Details about the October 2008 events are outside the scope of this article,6 but it is important to note that great deal of these violent and racist acts took place before the eyes of Israeli police and law enforcement personnel who made their complicity very clear by their refusal to protect the Palestinian victims of the various physical violence and arson attacks. The main purpose of the Jewish-Israeli violence against Akka's Palestinians had the central aim of forcing out the Palestinian families who had moved into the newer neighborhoods of Akka, and police complicity with such a goal makes evident the state's backing for this forced displacement campaign.

Just as important was the Palestinian response to the Jewish-Israeli violence. Palestinian political, commercial and social organizations and networks, as well as several prominent individuals, came together to form the Akka Residents' Coalition which worked to disseminate information about what was actually happening in the city to the Arabic, Hebrew and international press. The goal was to present an Arab-Palestinian position, providing the political and historical context of the violence that had erupted, as well as taking practical measures to organize and support the Palestinian residents of the city. Zionist organizations had called for a boycott of Arab enterprises, and for the cancellation of important Arab cultural activities such as the theater festival, so the Coalition called on Palestinians within the green line to come to Akka, and organized delegations to visit the city and see for themselves what had taken place, organizing various cultural activities to attract visitors to the city.

On the community level, the Coalition worked to provide material support to the Palestinian residents of Akka who had been evicted or hurt by the settler violence of October 2008. Money raised by the Coalition was used to repair damage done to some of the homes and shops, as well as in hiring counselors to provide psychological support to victims of the racist violence.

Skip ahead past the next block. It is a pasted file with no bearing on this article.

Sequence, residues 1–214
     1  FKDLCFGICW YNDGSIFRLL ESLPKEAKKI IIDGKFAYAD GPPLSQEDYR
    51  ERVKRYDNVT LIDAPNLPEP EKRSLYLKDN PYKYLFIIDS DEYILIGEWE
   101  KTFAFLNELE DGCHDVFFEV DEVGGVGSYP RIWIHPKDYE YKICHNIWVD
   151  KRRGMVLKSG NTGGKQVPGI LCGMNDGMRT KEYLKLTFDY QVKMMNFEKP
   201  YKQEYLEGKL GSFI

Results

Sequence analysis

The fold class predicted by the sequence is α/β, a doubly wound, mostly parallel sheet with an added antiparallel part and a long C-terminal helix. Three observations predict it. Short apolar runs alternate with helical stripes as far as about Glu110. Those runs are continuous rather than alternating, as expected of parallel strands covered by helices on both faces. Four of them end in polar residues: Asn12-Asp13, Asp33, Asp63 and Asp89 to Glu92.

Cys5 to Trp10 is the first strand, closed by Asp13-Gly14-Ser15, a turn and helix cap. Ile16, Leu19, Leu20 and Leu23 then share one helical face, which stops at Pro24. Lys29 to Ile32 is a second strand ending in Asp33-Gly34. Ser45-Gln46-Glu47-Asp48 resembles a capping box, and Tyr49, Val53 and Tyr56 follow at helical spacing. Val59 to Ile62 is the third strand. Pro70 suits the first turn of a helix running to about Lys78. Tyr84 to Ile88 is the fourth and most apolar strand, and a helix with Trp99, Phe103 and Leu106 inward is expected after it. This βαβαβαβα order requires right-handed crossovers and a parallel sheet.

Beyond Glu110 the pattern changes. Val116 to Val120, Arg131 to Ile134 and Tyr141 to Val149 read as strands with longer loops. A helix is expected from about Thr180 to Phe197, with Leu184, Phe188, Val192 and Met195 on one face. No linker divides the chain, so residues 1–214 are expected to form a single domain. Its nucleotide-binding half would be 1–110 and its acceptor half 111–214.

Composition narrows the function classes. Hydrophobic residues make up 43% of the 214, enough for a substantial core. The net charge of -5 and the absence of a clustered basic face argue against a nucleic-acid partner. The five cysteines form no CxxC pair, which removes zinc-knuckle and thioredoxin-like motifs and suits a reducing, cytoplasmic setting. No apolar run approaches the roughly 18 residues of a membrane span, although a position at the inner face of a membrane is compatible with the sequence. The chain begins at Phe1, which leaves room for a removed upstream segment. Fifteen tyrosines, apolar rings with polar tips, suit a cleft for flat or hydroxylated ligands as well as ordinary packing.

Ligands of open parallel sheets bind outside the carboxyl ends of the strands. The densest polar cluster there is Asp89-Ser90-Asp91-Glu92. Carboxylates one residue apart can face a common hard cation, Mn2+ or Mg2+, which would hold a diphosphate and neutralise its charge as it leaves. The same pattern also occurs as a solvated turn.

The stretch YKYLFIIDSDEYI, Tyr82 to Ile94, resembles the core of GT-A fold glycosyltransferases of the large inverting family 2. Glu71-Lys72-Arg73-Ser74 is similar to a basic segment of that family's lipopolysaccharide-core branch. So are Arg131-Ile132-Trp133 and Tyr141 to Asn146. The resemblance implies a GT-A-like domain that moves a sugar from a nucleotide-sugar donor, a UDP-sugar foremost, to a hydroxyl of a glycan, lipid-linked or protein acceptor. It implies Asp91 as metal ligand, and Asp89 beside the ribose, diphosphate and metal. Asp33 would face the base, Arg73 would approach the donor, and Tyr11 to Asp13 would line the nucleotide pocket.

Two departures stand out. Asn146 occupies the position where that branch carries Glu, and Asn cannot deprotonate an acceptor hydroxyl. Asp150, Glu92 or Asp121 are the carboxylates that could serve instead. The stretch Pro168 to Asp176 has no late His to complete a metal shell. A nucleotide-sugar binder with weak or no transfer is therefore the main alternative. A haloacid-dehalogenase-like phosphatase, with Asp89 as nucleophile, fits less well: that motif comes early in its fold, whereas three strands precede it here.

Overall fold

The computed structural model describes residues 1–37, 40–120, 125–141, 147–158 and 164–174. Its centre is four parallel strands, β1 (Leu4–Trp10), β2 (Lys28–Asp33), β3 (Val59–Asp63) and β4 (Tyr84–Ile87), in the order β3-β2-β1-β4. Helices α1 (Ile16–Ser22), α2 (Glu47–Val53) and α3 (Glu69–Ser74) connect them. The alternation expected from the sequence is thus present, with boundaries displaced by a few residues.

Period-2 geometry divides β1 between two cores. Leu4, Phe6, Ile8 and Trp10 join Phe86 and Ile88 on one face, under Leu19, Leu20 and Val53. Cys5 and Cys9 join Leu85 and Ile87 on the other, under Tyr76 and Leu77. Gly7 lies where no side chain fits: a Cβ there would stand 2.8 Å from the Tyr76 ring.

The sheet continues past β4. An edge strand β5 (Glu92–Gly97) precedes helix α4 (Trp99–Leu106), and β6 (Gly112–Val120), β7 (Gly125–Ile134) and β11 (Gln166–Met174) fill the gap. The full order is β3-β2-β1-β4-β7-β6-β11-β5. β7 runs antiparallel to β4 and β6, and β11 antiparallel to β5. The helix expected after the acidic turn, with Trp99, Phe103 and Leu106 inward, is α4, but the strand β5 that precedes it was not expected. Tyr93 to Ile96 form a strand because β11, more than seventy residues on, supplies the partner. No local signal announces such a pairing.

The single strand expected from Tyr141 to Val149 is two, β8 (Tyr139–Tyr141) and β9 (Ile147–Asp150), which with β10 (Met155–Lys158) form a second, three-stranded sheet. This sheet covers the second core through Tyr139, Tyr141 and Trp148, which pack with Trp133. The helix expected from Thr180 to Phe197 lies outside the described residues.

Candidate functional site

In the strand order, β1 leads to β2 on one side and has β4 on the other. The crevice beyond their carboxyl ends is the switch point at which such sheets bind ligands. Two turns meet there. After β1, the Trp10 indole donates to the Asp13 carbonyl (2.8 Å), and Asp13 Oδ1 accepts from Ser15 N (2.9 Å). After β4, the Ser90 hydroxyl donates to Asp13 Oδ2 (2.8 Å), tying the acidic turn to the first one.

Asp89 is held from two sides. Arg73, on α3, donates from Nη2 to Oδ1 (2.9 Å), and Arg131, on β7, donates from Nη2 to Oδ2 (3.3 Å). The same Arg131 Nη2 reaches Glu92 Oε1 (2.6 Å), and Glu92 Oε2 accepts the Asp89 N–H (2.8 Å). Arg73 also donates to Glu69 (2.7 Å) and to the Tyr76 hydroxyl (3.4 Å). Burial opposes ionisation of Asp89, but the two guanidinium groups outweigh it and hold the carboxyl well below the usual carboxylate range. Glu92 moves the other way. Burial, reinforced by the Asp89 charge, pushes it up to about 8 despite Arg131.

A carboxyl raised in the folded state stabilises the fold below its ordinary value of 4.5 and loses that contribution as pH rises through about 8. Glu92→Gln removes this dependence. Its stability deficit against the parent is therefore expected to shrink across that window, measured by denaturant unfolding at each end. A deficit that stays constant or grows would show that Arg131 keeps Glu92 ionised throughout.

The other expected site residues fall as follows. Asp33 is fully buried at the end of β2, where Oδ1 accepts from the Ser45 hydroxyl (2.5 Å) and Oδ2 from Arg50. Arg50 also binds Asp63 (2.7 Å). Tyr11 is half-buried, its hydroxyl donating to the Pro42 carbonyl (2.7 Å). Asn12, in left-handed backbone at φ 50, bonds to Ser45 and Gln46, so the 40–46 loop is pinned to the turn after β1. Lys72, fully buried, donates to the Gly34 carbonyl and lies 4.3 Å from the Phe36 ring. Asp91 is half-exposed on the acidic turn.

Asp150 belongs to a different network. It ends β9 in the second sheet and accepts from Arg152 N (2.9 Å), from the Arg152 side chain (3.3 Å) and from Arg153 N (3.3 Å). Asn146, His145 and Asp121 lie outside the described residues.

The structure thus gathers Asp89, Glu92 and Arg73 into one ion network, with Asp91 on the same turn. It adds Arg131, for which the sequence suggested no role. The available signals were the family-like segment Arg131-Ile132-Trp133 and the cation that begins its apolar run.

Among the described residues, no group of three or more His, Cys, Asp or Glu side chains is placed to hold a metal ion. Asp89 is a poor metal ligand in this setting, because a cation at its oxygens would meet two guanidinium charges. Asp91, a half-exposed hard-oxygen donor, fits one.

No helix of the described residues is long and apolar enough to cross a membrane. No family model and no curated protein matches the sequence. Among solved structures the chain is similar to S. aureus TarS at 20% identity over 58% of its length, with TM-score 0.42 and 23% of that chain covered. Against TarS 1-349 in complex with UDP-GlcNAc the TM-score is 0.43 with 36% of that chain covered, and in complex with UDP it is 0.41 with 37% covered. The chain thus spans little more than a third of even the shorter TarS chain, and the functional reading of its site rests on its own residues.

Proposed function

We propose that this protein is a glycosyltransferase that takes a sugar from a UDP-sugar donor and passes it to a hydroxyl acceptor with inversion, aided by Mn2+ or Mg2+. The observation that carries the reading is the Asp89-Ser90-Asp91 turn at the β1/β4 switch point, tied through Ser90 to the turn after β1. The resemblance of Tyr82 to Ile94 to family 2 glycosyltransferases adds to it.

In addition to discrimination, marginalization and Judaization, the Palestinians of Akka lack the institutionalized civic and political infrastructure necessary to face discriminatory Israeli policies, and plan for the future of Akka's Palestinian community. Thus far, the community has not been able to transform its demographic strength into effective political power, and have faced a debilitating internal crisis at the level of civic and political leadership, a factor which serves to augment the dangers faced by the community. As such, the experience of the Akka Residents' Coalition is an important one well worth maintaining and building upon, especially in light of the ongoing nature of the crisis facing the Palestinians of Akka, but risks falling into the trap of being a spontaneous response to particular events and that dies down as the events recede into the past.

Confronting the Judaization of Akka

We cannot simply sit on the walls of Akka and lament the loss of our beloved city, angrily counting the waves, homes, landmarks, religious sites all put up for sale. Nor can we feel content that we have exposed the political schemes that have tightened the noose around our impoverished community, battered by the various forms of forced displacement.

The other face of opposition to the government's policies and practices aiming to displace us is the creation of our own Palestinian alternative. Such an alternative must go beyond slogans and denunciations to mobilize the energies of the entire community, transforming them into the engine for a social movement for the steadfastness and development of the community, with a clear vision backed by the consensus of the population and its institutions, and that can be translated into particular campaigns and initiatives that can bring the people closer to their goals.

General view of Acre (Akka), 2001